Actually, we do not have strictly herbivore teeth, at all. Herbivores have huge, flat on top molars very unlike ours. Many even lack teeth in front on either the bottom or top. Our bicuspids and molars are most like those of omnivores such as bears, monkeys, and so forth. But if you look at a true carnivore's teeth, once you get past the big canines up front , our teeth resemble those more so than those of a cow, deer, or horse.

    I agree with whoever it is that has the phrase about not eating too much, and mostly (not all) plants. I feel at my best eating loads of veggies, some carbs (but not white sugar and flour) and only a small meat portion once a day. I've been eating badly lately due to stress, and feeling not-so good. I've gotta get back on the veggie wagon!
    Sounds like me. I have been stressed, and overloaded and have no time so have been eating horriblely and I feel it.

    Go Lyte. MOST misnamed product on the market. And you are right, we do not retain undigested food in our intestines. My doctor showed me the photos after the colonoscopy, no meat or bagels (heard that one too that bagels do not digest) in there.
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    Re: Going Vegetarian/Vegan

    Well Diet for a small planet, Laurel's Kitchen, and In Defense of food arrived yesterday and unfortunately I have no time to read them. BUT my daughter has taken them and is working up a meal plan and a shopping list and she and I are going to trade off on the cooking. We are determined to get this family healthier. (we are determined to make my husband eat better)
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    FORT Fogey Ellen's Avatar
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    Re: Going Vegetarian/Vegan

    Very cool, MRD! The whole process of breaking unhealthy cooking/eating habits -- though I'm sure you have a good headstart from post-GBP training which husbands don't always cozy up to -- and starting up healthier ones can be a pain in the ass at first, because it does require more planning and work initially (mainly because it's doing something different), may seem more expensive (the bottom line, all things considered, actually turns out to be less expensive over time), and developing a preference for the taste of healthier food takes a little time, too. But it is so worth it. I still get surprised when I find that I no longer like something that I used to like a lot. I had a burger recently from In-and-Out, which I used to love, and I couldn't eat more than three bites. I was disgusted by the fatty mouthfeel and overall heavy feeling from the cheap who-knows-from-what-factory-farm meat they use.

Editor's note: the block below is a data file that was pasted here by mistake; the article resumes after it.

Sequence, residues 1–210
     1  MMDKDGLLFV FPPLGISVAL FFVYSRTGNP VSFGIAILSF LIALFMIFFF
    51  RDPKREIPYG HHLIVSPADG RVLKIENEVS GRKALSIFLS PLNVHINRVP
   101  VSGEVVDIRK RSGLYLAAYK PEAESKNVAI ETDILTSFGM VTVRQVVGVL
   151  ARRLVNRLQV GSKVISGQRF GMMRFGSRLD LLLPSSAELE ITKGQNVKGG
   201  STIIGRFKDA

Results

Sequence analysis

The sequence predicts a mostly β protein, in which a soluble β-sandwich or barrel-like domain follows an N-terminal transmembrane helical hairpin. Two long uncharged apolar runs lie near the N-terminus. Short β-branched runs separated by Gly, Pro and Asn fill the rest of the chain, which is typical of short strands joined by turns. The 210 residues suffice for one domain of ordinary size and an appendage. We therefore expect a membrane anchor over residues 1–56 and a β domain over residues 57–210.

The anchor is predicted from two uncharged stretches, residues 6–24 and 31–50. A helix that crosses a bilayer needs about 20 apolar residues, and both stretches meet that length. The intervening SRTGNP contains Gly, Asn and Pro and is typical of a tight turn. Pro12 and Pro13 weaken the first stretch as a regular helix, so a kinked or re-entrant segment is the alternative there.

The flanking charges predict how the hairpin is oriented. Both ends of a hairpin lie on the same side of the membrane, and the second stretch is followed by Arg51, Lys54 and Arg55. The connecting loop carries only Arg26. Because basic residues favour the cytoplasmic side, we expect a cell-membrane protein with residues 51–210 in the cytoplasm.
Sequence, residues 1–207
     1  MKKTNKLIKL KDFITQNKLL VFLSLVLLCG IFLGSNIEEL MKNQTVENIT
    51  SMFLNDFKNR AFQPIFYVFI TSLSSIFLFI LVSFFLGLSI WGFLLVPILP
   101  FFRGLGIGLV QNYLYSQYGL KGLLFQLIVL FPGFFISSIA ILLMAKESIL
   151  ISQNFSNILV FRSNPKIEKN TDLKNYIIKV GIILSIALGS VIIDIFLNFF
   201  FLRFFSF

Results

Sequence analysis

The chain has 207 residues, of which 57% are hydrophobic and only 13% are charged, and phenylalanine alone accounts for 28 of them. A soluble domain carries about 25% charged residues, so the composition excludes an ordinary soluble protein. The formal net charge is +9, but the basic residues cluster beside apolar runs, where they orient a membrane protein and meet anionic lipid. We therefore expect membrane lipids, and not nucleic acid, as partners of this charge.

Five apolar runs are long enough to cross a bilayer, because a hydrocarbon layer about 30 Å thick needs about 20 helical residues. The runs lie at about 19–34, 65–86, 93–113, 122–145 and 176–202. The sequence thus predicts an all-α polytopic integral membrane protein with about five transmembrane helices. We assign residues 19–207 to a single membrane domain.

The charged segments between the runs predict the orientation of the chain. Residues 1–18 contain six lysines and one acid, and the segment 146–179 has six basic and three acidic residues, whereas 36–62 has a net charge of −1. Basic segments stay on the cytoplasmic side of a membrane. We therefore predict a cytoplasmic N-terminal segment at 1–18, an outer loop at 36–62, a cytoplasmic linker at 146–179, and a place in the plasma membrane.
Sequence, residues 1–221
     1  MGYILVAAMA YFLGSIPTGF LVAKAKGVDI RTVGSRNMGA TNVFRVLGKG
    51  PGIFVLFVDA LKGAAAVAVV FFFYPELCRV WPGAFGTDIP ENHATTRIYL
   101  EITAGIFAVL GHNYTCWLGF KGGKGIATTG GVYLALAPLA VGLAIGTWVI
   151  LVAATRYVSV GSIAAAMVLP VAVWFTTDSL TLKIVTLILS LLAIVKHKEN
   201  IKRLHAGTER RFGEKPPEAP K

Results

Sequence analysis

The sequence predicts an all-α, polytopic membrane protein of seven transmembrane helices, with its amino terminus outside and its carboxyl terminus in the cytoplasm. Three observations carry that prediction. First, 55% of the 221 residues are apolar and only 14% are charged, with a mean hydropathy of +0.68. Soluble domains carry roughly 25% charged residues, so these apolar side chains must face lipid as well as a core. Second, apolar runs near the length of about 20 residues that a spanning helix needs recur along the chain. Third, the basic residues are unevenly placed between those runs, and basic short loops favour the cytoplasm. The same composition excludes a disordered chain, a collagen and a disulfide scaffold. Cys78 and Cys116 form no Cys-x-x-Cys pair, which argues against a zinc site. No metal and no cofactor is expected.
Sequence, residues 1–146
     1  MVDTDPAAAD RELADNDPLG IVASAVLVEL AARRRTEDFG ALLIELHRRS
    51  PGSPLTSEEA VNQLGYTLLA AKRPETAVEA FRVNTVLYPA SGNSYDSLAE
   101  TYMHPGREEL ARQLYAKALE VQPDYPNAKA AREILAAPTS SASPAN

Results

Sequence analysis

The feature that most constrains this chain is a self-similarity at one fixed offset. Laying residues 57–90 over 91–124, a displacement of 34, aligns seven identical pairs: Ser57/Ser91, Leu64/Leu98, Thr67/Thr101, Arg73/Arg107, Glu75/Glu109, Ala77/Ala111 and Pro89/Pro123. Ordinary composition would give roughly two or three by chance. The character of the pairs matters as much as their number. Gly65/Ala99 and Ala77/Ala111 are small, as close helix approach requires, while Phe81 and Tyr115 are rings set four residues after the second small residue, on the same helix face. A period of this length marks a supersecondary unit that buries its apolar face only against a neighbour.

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    Re: Going Vegetarian/Vegan

    Quote Originally Posted by Ellen;3806079;
    Very cool, MRD! The whole process of breaking unhealthy cooking/eating habits -- though I'm sure you have a good headstart from post-GBP training which husbands don't always cozy up to -- and starting up healthier ones can be a pain in the ass at first, because it does require more planning and work initially (mainly because it's doing something different), may seem more expensive (the bottom line, all things considered, actually turns out to be less expensive over time), and developing a preference for the taste of healthier food takes a little time, too. But it is so worth it. I still get surprised when I find that I no longer like something that I used to like a lot. I had a burger recently from In-and-Out, which I used to love, and I couldn't eat more than three bites. I was disgusted by the fatty mouthfeel and overall heavy feeling from the cheap who-knows-from-what-factory-farm meat they use.